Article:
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United States Department of Agriculture

Agricultural Research Service

Title: Assessing soil quality in organic agriculture

Authors
item Franzluebbers, Alan
item Haney, Richard

Submitted to: Extension Reports
Publication Type: Other
Publication Acceptance Date: September 25, 2006
Publication Date: October 23, 2006
Citation: Franzluebbers, A.J., Haney, R.L. 2006. Assessing soil quality in organic agriculture. Critical Issue Report 2006,2. The Organic Center.

Interpretive Summary: Soil quality is directly linked to food production, food security, and environmental quality (i.e. water quality, global warming, and energy use in food production). Unfortunately, moderate to severe degeneration of soils (i.e., loss of soil biodiversity, poor soil tilth, and unbalanced elemental composition) has occurred in America as a result of the previously unrecognized consequences of (a) fossil-fuel based mechanization and (b) liberal application of synthetic plant protection and nutrient amendments. Reports on the state of our land suggest that soil sediment, nutrients, and organic matter have been lost at rates far exceeding a sustainable level, the result of which has had enormous direct and indirect consequences on the profitability, productivity, and environmental quality of agriculture in America. A team of ARS scientists in Watkinsville GA and Temple TX worked in close cooperation with The Organic Center (www.organic-center.org) to produce a report describing the scientific basis for soil quality assessment in organic agriculture. The report contains information on the definition and determination of soil quality, as well as key indicators of assessing soil quality. The proposed minimum-data-set approach for soil quality assessment will be used to highlight how soil quality in organic agricultural systems can be assessed using the current paradigm of soil testing sample submission, data evaluation, and management interpretation. The proposed minimum-data-set approach will serve as the foundation for a national survey of soil quality that The Organic Center plans to implement during the next two years on the rapidly growing acreage of organic agriculture, estimated most recently at 2.2 million acres.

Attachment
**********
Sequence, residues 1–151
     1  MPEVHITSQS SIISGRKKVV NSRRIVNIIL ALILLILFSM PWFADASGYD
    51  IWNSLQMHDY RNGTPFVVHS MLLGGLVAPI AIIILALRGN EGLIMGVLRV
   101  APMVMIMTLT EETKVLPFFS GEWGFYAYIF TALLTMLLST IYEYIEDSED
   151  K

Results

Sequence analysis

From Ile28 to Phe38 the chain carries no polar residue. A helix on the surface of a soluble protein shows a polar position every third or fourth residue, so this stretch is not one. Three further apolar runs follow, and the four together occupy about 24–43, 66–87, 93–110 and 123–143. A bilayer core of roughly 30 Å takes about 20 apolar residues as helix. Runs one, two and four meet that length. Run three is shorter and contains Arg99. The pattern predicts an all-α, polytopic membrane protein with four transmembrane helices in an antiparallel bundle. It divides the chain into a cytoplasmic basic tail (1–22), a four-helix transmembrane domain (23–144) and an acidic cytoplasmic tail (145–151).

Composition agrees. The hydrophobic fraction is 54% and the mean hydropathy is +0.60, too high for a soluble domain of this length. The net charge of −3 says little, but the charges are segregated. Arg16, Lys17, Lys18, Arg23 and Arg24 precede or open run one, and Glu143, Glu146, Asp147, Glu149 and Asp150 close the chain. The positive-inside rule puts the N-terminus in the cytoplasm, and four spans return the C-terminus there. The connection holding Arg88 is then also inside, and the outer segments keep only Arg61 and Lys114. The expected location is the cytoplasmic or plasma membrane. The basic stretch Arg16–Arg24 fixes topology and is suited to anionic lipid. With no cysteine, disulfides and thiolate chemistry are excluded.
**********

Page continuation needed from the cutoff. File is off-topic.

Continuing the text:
Technical Abstract: Soil quality is directly linked to food production, food security, and environmental quality (i.e. water quality, global warming, and energy use in food production). Unfortunately, moderate to severe degeneration of soils (i.e., loss of soil biodiversity, poor soil tilth, and unbalanced elemental composition) has occurred in America as a result of the previously unrecognized consequences of (a) fossil-fuel based mechanization and (b) liberal application of synthetic plant protection and nutrient amendments. Reports on the state of our land suggest that soil sediment, nutrients, and organic matter have been lost at rates far exceeding a sustainable level, the result of which has had enormous direct and indirect consequences on the profitability, productivity, and environmental quality of agriculture in America. A team of ARS scientists in Watkinsville GA and Temple TX worked in close cooperation with The Organic Center (www.organic-center.org) to produce a report describing the scientific basis for soil quality assessment in organic agriculture. The report contains information on the definition and determination of soil quality, as well as key indicators of assessing soil quality. The proposed minimum-data-set approach for soil quality assessment will be used to highlight how soil quality in organic agricultural systems can be assessed using the current paradigm of soil testing sample submission, data evaluation, and management interpretation. The proposed minimum-data-set approach will serve as the foundation for a national survey of soil quality that The Organic Center plans to implement during the next two years on the rapidly growing acreage of organic agriculture, estimated most recently at 2.2 million acres.

Last Modified: 4/18/2014
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